If the sum insured is in another currency, the six-month LIBOR shall be used. By LIBOR is meant the rate of interest determined for interbank loans in the relevant currency for the corresponding period in the London Interbank Market. The rate of interest is determined at 11:00 a.m. London time with effect from and including spot, i.e. two banking days after the setting of the rate of interest. Average rates of interest for various periods are readily available in all major banks.

    The mark-up on CIBOR, NIBOR, STIBOR and LIBOR is calculated at 2%.

    As regards the time to which the rate of interest shall be tied, there are basically three alternatives. The rate of interest may be tied to the time when compensation is paid. This is the logically correct solution, but it is complicated, because it is necessary to calculate the interest for each individual payment. Another alternative is to tie the interest to the time of loss. This solution is also complicated, however: there will be a rate of interest for each insured event, and it may also be difficult to pinpoint the individual incident in time. A final alternative is to tie the rate of interest to the time the insurance contract attaches. This is the simplest solution, and the one on which the Plan is based, cf. sub-clause 3, second sentence. The rate of interest shall be determined as at 1 January “of the year the insurance contract comes into effect”. By this is meant the time when the individual insurance contract takes effect. If the insurance has been renewed with the same insurer, the time of renewal is decisive. The time when the insurance contract comes into effect poses no problems for ordinary insurance contracts which attach for one year. If it has been agreed that the insurance shall attach for a period longer than one year, Cl. 1-5, sub-clause 4, which was added in the 2003 version, provides that the insurance period shall be deemed to be one year in relation to Cl. 5-4, sub-clause 3. The calculation of the insurance period is explained in further detail in the Commentary on Cl. 1-5. In order to prevent the rate of interest becoming dependent on major, random fluctuations in the market, the applicable rate is the average rate of interest for the last two months of the year preceding the attachment of the insurance contract. The relevant average rate of interest will be calculated on request by most banks. The Nordic Association of Marine Insurers (Cefor) publishes on its web-site early January every year the applicable rates for the most important currencies.

    Sub-clause 4 was amended in 2013 to abolish the reference to the Norwegian Interest Act.  Instead the rate for overdue payments is to be the same rate as in sub-clause 3 with an addition of 2%. This amendment will further facilitate calculation of interest on overdue payments.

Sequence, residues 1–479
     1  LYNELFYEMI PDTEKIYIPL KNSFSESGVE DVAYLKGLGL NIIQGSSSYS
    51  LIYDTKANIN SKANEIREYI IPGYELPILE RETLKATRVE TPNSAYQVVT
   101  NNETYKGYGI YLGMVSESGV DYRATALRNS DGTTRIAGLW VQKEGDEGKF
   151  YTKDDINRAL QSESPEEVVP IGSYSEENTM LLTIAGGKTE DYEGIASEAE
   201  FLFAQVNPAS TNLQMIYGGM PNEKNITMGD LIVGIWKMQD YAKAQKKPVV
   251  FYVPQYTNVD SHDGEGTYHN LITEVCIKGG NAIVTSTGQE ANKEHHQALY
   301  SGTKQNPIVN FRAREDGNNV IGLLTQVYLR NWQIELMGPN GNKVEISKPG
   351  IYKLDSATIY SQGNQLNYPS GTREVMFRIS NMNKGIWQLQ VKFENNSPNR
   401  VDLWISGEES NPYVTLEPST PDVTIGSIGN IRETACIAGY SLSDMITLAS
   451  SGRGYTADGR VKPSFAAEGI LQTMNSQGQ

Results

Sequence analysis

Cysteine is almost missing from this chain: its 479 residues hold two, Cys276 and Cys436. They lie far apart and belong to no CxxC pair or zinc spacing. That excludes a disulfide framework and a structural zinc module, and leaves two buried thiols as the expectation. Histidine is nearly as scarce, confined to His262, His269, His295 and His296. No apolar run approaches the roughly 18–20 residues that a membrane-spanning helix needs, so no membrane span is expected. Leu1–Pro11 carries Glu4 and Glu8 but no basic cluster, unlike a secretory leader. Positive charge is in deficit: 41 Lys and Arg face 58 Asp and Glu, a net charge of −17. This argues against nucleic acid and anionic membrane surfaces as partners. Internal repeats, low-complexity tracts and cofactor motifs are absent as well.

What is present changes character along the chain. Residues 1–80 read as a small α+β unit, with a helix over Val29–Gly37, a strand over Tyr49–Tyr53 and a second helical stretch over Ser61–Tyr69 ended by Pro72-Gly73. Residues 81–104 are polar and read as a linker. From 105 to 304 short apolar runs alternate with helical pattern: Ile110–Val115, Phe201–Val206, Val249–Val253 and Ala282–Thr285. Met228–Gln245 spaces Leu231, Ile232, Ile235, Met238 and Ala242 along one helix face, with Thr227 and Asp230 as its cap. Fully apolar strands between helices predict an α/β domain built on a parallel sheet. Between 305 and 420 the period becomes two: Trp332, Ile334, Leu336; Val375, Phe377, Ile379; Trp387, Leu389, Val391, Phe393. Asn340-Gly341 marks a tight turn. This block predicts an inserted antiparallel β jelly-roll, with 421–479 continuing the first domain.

Pursuant to Cl. 4-19 (b), interest shall be covered in addition to the sum insured.

    If the claims leader has had disbursements on behalf of the insurers, he will be entitled to charge interest under Cl. 9-11.

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    Clause 5-4. Interest on the compensation

    The assured may claim interest as from one month after the date on which notice of the casualty was sent to the insurer. If the insurer has to refund the assured's disbursements, interest accrues from the date of the disbursement. If the insurer is to indemnify the assured for loss of time,...

  • Clause 5-5. Disputes concerning the adjustment of the claim

    Sub-clause 1 of this Clause was amended and a new sub-clause 4 was added in the 2013 Plan.

    Sub-clause 1 sets out a right for both parties to demand that the adjustment be submitted to a Nordic average adjuster before the matter is brought before the courts. The average adjuster shall not make any arbitration award, but merely give his opinion as to how he believes the claims settlement should be effected. Experience shows that this provision has had a litigation-deterring effect, because the assured will often accept the opinion of the average adjuster he has designated himself even if he does not support his claim. The insurer too will normally accept an average adjuster’s decision that is not in his favour.

    The last sentence in sub-clause 1 is new in the 2013 Plan, and states that the insurer may appoint the adjuster if the assured fails to do so. There have been cases where the assured refuses to appoint an adjuster even if the insurer so request. In such cases the insurer may either leave it to the assured to pursue his claim before the competent courts, or appoint an adjuster on his own. It has then been argued by the assured that the opinion issued by an adjuster appointed by the insurer should not be given any weight. It seems unreasonable that the assured in this way may interfere with the insurer’s right to get an opinion from a Nordic adjuster pursuant to Cl. 5-5.

    Sub-clause 2 states who shall bear the costs of submitting the matter to an average adjuster. When the average adjuster submits his opinion, he must also decide this question. The costs of submitting the case to an average adjuster comprises first and foremost the adjuster’s fee. The adjuster may also incur costs by appointing or consulting with experts of his own choice previously not involved in the case. Also such costs as well as any other expenses the adjuster may have incurred must be deemed costs that shall be distributed according to sub-clause 2. The costs incurred by the parties must be distributed according to Cl. 4-5. The adjuster may if so requested by any of the parties also render an opinion on distribution of the costs incurred by the parties.